During the hearing, Mr. Blais was quick to show the hostility around the deal. “Do you know what I did during my summer holidays?” Mr. Blais asked Bell executives as he held up a thick binder of material. “I didn’t have any holidays – I read interventions. There are nine volumes like this.”

The contents of those binders – much of the final decision was based on market share calculations – would be central to the CRTC’s case against the deal. But Mr. Cope believes the CRTC was equally swayed by a massive Say No To Bell campaign financed by competitors such as Quebecor Inc. and Cogeco Inc.

The campaign was launched in August. The ads suggested Bell would abuse its market power and keep popular services away from its rivals. One ad suggested that families would no longer be able to watch movies together if the deal closed because Bell wouldn’t make movie networks available to its rivals.

Although the comment period was officially closed when the ads launched, more than 70,000 people signed the organization’s online petition. Bell Media’s Mr. Crull said in August that the ads would have no effect on the outcome. On Thursday night, Bell said the campaign was one of the main reasons the deal was rejected.

“It’s not our style,” Mr. Crull said when asked why Bell wasn’t fighting back against the ads. “We put out facts that correct the public discourse. I don’t think they’ve won over public opinion whatsoever.”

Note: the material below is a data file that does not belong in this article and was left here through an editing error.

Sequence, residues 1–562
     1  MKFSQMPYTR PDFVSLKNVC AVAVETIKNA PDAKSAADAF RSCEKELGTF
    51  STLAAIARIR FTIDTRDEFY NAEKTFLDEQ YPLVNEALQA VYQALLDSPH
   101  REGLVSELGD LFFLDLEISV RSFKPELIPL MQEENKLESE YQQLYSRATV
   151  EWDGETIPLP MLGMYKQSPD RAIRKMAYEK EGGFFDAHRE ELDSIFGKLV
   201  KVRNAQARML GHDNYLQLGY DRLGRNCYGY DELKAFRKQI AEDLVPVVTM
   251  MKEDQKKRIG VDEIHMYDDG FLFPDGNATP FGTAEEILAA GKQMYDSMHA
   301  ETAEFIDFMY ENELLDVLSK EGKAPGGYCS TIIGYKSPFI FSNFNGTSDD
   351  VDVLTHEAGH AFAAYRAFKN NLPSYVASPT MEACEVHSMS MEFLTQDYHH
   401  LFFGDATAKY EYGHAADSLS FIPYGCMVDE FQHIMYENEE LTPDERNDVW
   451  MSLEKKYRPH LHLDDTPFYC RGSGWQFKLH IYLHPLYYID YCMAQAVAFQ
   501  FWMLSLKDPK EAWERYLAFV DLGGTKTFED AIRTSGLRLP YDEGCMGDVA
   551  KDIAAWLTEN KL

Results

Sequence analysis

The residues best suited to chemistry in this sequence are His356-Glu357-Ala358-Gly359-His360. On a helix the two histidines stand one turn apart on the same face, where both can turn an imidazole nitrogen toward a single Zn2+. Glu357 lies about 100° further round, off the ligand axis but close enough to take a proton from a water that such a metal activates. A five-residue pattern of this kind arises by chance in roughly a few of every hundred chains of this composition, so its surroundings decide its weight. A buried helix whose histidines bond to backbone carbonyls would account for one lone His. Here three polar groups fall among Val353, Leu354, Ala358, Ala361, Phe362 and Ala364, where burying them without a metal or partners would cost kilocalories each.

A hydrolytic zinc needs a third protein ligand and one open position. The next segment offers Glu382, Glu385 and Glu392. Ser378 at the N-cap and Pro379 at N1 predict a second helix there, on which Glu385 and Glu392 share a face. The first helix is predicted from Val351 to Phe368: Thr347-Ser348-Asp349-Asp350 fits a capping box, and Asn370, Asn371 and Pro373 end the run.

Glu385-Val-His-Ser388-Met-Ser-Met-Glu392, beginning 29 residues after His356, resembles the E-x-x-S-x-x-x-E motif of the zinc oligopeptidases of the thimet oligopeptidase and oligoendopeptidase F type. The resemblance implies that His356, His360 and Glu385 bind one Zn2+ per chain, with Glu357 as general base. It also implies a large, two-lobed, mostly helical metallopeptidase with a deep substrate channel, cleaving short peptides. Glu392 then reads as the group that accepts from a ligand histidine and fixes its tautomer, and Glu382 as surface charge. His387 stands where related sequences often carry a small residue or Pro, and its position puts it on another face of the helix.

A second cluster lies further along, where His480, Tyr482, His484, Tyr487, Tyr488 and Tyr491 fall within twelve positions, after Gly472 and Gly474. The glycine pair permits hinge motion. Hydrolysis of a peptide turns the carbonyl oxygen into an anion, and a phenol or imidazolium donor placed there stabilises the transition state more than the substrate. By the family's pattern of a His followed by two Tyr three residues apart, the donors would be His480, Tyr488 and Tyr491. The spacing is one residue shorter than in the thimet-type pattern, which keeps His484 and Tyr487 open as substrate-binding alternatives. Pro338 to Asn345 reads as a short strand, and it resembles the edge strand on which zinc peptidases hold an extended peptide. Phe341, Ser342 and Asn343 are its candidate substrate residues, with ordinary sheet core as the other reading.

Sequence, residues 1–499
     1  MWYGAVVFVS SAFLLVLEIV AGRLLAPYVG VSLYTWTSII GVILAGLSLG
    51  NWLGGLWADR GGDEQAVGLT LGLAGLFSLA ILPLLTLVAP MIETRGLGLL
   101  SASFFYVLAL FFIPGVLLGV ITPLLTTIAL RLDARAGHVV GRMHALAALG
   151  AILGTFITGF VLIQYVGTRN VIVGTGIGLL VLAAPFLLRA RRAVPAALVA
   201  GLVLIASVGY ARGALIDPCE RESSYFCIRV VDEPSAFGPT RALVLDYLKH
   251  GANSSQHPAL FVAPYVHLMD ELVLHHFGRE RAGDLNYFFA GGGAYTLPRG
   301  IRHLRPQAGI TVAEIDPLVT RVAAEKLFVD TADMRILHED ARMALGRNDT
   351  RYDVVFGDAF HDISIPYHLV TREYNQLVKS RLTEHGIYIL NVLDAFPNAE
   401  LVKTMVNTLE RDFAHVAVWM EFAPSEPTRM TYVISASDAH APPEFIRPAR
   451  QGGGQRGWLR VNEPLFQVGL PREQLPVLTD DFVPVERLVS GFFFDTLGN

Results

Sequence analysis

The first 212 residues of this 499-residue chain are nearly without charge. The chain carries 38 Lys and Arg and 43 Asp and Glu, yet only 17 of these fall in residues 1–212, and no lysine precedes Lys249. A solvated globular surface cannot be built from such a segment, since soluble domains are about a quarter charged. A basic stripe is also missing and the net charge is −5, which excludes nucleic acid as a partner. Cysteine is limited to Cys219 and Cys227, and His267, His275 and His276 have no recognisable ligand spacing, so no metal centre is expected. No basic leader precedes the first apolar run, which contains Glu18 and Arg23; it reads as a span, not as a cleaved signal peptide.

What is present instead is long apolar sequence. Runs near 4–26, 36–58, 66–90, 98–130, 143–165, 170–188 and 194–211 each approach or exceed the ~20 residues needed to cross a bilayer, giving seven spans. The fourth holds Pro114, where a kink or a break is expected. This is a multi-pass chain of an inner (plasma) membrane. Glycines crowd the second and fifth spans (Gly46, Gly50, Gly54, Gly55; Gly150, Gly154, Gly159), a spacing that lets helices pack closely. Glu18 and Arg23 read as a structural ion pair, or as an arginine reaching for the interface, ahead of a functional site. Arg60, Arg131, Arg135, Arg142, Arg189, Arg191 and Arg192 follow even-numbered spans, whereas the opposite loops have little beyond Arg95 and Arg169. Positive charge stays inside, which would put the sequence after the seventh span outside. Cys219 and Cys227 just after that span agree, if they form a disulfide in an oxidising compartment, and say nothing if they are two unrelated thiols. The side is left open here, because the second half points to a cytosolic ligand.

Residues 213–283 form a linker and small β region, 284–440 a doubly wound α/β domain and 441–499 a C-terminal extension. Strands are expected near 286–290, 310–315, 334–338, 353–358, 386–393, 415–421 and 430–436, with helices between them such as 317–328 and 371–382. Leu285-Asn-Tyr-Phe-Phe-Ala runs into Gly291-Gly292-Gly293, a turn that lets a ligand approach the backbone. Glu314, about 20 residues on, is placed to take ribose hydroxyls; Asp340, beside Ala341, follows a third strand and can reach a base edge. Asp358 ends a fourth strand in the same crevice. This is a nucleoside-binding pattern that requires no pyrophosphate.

Bell’s adversaries were visible in their aligned opposition. Shortly after the hearings ended, Pierre Karl Péladeau from Quebecor, Louis Audet from Cogeco and Lee Bragg from Eastlink invited federal ministers and their aides, MPs and senators for cocktails at the Château Laurier on Wednesday, Sept. 19, the week after the CRTC held its public hearings in Montreal. It was their only registered lobbying activity.

Bell and Astral, on the other hand, chose not to lobby the government during the CRTC’s deliberations.

Now BCE is asking the federal government to force the CRTC to revisit its decision so it can refile its takeover papers, and suggesting its rivals exerted undue influence on the commission by meeting with its members prior to the decision.

“We are doing everything we can with Astral to get this deal put back,” Mr. Cope said. “If cabinet sees it our way we’ll get it back for shareholders.”